I find it interesting how easily some people throw around words like "apostate," "unfaithful," "heresy," etc. During the speak out session at the opening of the afternoon session at GA a few speakers admonished the church with selected scripture. The admonishment was intended, evidently, to scold commissioners and the church for it's failure to follow scripture. One speaker referred to the "apostasy" heard at presbytery meetings.
Now I am no stranger to hyperbole. Get me started on a topic I feel passionately about and I am likely to dig into my thesaurus and make some bad decisions. We all, from time to time, forget that words matter. The things we say matter. And just because something sounds one way in your head does not mean that it will when it gets out in the world.
To call a member of the church apostate is about as harsh as you can get. Webster's defines an apostate as one whose beliefs have led them to no longer be a part of a religious or political group. To call someone apostate is to say that they are no longer part of the church. Saying that to anyone is uncalled for but saying it to people who have given of their time, energy and wisdom to spend a week doing the work of the church is offensive.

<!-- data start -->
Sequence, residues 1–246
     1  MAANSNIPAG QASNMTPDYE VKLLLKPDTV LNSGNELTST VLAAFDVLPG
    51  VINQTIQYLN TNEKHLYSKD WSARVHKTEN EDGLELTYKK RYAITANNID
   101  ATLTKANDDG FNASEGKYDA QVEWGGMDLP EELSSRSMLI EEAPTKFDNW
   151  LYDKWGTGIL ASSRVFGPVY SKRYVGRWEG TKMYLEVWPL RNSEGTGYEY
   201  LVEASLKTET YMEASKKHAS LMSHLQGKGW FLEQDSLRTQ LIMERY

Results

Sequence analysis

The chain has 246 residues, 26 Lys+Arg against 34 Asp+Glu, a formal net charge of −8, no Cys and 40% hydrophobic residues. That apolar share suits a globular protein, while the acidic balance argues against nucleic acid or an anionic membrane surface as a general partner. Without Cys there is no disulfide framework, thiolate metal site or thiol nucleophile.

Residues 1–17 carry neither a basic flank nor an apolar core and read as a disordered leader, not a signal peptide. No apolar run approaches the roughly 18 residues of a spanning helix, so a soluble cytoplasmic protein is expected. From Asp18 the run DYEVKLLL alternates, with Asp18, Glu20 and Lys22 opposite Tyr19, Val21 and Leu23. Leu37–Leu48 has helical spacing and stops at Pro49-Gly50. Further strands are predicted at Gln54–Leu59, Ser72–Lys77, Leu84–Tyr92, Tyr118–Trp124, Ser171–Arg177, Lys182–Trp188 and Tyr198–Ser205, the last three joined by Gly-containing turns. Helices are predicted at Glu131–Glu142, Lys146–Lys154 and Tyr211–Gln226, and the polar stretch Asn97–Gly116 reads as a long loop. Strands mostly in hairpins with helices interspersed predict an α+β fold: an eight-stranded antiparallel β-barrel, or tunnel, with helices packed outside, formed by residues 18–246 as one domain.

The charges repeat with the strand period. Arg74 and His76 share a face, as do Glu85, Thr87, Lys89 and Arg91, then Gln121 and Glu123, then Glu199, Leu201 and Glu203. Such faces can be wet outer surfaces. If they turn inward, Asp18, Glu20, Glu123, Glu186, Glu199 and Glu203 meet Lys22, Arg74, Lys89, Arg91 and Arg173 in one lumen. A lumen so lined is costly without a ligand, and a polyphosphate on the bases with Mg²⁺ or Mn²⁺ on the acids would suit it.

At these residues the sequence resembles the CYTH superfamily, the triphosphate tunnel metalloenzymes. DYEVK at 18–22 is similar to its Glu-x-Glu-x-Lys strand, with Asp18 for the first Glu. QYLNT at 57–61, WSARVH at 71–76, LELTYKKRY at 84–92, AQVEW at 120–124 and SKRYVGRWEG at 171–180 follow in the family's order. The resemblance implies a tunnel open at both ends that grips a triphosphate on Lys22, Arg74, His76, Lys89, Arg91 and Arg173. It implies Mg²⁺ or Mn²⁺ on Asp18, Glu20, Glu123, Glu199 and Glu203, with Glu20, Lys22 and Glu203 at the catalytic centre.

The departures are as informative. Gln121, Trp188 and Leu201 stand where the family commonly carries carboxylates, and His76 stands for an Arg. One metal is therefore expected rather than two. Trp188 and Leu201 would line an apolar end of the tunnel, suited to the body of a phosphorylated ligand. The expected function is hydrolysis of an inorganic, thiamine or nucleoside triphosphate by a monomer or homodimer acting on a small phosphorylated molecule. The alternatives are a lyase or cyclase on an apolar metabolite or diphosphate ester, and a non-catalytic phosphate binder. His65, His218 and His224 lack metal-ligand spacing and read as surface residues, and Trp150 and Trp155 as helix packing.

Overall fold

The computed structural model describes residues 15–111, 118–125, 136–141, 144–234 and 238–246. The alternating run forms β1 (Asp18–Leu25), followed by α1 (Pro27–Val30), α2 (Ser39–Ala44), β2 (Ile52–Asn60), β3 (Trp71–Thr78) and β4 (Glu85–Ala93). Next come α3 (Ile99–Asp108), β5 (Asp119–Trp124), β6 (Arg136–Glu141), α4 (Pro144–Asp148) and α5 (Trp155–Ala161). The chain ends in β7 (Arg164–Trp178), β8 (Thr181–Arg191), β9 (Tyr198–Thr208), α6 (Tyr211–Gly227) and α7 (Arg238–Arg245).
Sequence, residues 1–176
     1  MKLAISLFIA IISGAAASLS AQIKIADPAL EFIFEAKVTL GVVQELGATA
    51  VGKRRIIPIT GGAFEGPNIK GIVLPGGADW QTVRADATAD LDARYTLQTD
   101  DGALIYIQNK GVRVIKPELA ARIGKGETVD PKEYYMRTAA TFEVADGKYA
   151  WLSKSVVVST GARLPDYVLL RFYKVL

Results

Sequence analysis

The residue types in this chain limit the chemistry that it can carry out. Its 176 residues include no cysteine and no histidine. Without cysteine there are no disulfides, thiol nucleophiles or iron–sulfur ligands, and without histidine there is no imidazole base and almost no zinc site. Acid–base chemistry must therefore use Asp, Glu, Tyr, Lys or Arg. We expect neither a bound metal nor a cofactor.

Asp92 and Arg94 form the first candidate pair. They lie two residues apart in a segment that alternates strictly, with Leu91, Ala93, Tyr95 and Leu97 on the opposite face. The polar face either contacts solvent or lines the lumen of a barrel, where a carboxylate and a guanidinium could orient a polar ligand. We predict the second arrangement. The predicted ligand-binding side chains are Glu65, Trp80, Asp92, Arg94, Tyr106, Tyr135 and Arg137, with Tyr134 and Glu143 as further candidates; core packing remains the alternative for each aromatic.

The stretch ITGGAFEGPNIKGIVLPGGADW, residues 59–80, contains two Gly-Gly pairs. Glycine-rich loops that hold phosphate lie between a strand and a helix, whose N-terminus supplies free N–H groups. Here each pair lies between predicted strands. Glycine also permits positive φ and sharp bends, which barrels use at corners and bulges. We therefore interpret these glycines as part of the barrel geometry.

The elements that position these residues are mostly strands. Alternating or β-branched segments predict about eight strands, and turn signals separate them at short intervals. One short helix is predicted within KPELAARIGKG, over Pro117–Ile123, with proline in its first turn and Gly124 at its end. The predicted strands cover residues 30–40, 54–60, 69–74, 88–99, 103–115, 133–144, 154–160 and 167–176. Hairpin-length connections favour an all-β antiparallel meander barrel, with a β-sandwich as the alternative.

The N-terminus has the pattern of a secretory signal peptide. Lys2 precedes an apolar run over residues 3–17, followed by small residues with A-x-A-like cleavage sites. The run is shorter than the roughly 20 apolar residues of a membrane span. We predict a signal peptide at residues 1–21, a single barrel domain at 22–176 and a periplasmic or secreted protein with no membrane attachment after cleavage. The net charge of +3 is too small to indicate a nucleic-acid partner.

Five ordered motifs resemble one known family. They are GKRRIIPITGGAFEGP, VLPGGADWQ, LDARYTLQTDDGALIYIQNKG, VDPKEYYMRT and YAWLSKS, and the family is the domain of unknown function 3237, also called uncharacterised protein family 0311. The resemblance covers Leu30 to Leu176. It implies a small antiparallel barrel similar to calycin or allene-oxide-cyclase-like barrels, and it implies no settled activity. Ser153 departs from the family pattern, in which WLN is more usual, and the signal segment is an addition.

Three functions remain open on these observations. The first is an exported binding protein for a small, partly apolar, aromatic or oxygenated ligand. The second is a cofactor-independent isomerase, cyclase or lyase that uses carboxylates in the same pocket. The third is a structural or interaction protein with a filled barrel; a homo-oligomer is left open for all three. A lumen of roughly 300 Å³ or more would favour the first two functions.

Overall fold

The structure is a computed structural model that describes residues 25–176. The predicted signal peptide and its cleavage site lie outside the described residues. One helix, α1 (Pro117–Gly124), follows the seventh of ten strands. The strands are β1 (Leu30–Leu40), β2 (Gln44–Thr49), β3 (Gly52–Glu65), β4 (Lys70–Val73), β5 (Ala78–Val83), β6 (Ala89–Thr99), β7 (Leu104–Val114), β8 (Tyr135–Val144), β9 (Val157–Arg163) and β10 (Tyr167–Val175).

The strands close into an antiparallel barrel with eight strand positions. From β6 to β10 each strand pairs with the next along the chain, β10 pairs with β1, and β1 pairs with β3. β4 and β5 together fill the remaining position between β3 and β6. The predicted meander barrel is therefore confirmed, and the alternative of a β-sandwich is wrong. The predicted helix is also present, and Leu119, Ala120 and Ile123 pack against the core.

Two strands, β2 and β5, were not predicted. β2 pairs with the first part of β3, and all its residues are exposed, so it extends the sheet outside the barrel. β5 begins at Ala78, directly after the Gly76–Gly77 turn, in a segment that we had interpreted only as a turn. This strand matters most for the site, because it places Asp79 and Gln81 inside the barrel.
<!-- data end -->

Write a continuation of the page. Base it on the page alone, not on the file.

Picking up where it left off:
And often those charges of apostasy come with scriptural allusions that are cherry picked for their use in condemning. There is no need to rehash the dangers of proof-texting and using scripture to prove your point rather than to illumine God's.
Healthy disagreement is a good thing for the church. Name calling and theological bomb throwing are not healthy debate. If you disagree with an action of the church, articulate what you believe IS faithful. To resort to ad hominem attacks against those with whom you disagree makes it very easy to dismiss you and your point of view.
There are many actions we take as a denomination that would, I believe, benefit from some measure of disagreement and debate. Unfortunately, the vocabulary for disagreement has become the vocabulary of scorched earth and what could be valuable voices in the conversation are lost to their own hyperbole.
If there is a common theme running through this GA, it is jointly the possibilities that come when we take a breath and speak in faithfulness both when we agree and disagree and the danger of shouting so loud in anger that your voice is ignored or reduced to background clutter. The words we use and the ways we use them matter.